Frizzle frying up something new

Original drummer Jay Lane joins Primus for new album

photo by Todd Brilliant


One thing fans can count on with the current Primus tour (with original drummer Jay Lane on board and a new CD on the way) is it won’t be a nostalgia trip.

As bassist/singer Les Claypool put it in a 2007 interview with this writer: “I like to readdress [Primus] when it’s exciting so that we can make sure that what we’re doing is special for those people that it’s dear to. If we just go out because we need to refill the bank accounts, then that’s just kind of lame.”

There certainly doesn’t seem to be anything contrived or rote about the current reunion of Primus. First of all, it marks the return of original drummer Jay Lane (who was in the band only for a year, in 1988), and the group (which also includes longtime guitarist Larry “Ler” LaLonde) has a new CD, Green Naugahyde, set for a Sept. 13 release.

This reunion is definitely feeding the part of Claypool that demands to stay creative.

“I think for me, if I am scratching that creative itch, that’s a big itch,” Claypool says. “If I’m not being satisfied on a creative level, it’s tough to go out there and really put on that.

“With Jay Lane, he’s really good at shooting from the hip,” Claypool says. “So we do go off into sort of strange territory every night, and that to me is, that’s very enjoyable. I mean, it’s great to play the old tunes and play them the way they should be played, but you also have to have that little bit of stepping off into new territory, that dancing on the edge, so to speak, element.”

The Primus reunion began gathering steam last year and led to a summer/fall tour. Ironically, Claypool was skeptical about the idea at first.

“To be honest with you, I wasn’t really that interested in doing it,” he says. “I like turning over new rocks, and it didn’t feel like it was a new rock. But then came the notion of Jay Lane coming back, and we got together and played, and it just felt really good, and we were getting along really great. It just felt good. It felt right. We did the tour, and then we said OK, let’s do the real thing here. Let’s make an album and make a good run of it.”

Last year’s tour and this year’s continued activity (which included a spring tour) mark the latest and — because of Green Naugahyde — perhaps the most substantial Primus reunion.

Originally formed in the mid-1980s, the band, with such albums as Frizzle Fry (1990), Sailing the Seas of Cheese (1991) and Tales From the Punchbowl (1995), carved out a singular style built around angular melodies, Claypool’s multi-faceted bass playing and lyrics that frequently had an absurdist’s bent.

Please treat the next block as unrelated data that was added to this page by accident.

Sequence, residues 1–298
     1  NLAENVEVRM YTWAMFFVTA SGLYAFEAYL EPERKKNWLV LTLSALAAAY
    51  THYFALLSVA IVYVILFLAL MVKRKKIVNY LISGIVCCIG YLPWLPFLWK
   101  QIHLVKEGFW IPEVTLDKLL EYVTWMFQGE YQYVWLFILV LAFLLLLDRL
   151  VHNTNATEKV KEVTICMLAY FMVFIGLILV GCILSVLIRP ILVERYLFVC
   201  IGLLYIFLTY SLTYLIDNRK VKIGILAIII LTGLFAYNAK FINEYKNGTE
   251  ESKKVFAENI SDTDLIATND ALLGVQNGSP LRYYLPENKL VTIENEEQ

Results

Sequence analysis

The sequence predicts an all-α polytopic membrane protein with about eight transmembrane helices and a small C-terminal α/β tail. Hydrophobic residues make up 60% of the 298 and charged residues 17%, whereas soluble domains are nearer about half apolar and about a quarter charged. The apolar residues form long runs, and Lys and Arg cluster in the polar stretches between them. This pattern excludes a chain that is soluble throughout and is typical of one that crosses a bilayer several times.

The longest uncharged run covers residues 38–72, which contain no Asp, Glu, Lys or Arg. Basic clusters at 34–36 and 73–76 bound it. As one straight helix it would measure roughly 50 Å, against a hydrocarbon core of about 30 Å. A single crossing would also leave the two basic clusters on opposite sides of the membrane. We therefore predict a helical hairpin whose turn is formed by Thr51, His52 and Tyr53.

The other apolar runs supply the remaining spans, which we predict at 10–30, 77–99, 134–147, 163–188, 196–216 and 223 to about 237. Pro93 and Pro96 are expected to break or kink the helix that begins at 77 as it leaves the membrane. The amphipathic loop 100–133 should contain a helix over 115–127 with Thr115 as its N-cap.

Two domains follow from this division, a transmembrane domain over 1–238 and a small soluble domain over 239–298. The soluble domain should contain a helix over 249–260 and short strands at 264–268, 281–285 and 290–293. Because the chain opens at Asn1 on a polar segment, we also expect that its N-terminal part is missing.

The band, with drummer Bryan “Brain” Mantia replacing original drummer Tim “Herb” Alexander in 1996, went on to make three more albums before going on hiatus in 2001.

Along the way, Claypool has done a host of outside projects, as well as three solo CDs; formed Oysterhead (with Phish guitarist Trey Anastasio and Police drummer Stewart Copeland); and fronted several other groups, including the Frog Brigade, Colonel Claypool’s Bucket of Bernie Brains and the Fancy Band.

Primus, meanwhile, reunited for a 2003 EP, Animals Should Not Try to Act Like People, and a tour. They toured again in 2006. Now comes new music to go with a return to touring.

Claypool says Green Naugahyde merges a bit of the early Primus sound with newer stylistic elements that haven’t filtered into the previous albums.

“The comparison to Frizzle Fry is pretty obvious just because that was Jay Lane, a lot of that material was honed in the Jay Lane territory,” he said. “And I also, over the past 10 years, have become way more comfortable with production and my vocals and just different elements that we wouldn’t really have tackled before with Primus. So there are some elements of sort of the Frog Brigade/Claypool world to it.

“But there are also strong elements that Ler has brought in,” Claypool says. “He brought in actual songs, which he never did before. Jay Lane, I encouraged him to bring in beats that we could write off of, and he did. … I’d say a good half of the record is stuff that came in independently [of me].”

A tour that begins Sept. 23 will be an opportunity to give fans a sampling of the new CD, as well as a chance to revisit the Primus back catalog.

“It will be a plethora of classic Primus material, and then we’re going to be sneaking in some new stuff,” Claypool said. “It [the set list] will be different every night, so it kind of goes on what the mood of us personally is and what the crowd is looking like.”